The $28 million John D. Dingell Transit Center has begun operation in Dearborn, replacing a smaller passenger rail station that was built in the 1970s.
“From the very beginning, Dearborn’s goals for the location of the new transit facility were all about connectivity,” says Patrick Doher, principal-in-charge for Ann Arbor-based SmithGroupJJR, which served as the landscape architect and civil engineer for the project. “The location needed to serve as a gateway and provide regional connection to the city’s great assets, the non-motorized greenway system, businesses, and residential neighborhoods.”
The 16,000 square foot, two-story transit center, on Michigan Avenue next to The Henry Ford, connects passengers to Amtrak’s Wolverine service, which goes from Pontiac to Chicago. It also links to SMART, DDOT, and Greyhound buses, corporate and hotel shuttles, and taxis.
The center is named for the John D. Dingell, the longest-serving member of Congress, who retired in 2014 after 58 years.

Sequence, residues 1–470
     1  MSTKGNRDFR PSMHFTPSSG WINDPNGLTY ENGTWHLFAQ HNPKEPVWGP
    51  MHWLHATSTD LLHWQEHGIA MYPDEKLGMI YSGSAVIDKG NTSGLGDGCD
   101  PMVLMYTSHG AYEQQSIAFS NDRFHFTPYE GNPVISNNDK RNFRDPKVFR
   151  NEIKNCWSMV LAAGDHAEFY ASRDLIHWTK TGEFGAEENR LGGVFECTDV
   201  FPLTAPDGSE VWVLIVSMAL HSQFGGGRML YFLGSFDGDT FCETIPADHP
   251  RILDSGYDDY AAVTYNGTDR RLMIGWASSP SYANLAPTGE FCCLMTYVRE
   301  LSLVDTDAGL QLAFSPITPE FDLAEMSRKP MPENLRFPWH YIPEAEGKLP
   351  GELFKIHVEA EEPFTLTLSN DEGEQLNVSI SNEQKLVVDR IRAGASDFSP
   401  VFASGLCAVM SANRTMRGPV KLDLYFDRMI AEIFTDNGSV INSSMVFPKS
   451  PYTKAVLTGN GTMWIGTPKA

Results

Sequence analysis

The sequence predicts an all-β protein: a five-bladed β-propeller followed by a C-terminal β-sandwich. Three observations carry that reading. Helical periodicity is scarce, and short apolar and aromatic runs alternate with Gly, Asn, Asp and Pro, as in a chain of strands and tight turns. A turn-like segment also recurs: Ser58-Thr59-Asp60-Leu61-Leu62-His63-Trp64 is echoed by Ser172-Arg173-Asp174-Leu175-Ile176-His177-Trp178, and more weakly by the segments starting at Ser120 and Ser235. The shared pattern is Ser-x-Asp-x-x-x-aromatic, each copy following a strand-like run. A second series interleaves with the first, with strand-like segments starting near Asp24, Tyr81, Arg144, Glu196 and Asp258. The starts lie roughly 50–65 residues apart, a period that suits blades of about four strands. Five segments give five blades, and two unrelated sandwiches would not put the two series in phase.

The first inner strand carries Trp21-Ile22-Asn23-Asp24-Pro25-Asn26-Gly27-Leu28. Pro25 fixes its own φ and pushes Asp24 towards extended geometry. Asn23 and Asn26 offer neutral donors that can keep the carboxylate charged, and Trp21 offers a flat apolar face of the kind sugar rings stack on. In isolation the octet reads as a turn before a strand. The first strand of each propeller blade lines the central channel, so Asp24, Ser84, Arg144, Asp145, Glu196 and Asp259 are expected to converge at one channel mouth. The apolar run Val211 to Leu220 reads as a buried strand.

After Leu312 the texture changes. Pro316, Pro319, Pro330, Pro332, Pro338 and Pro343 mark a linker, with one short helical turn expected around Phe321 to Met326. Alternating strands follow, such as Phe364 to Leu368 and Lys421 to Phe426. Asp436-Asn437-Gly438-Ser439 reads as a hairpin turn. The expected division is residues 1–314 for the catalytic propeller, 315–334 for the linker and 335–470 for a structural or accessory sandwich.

Southfield-based Neumann/Smith Architecture led the design team, creating a transit center that blends traditional and contemporary elements. “The design of the transit center and towers contrasts Romanesque arches of brick and stone masonry with a sleekly inserted metal-paneled bridge that pierces the station’s volume,” says Mike Kirk, principal for Neumann/Smith.
The station will support the eventual operation of the Detroit to Chicago high-speed rail and the proposed Ann Arbor to Detroit commuter rail line. The rail line could also allow for a bus connection to Detroit Metropolitan Airport. â€‹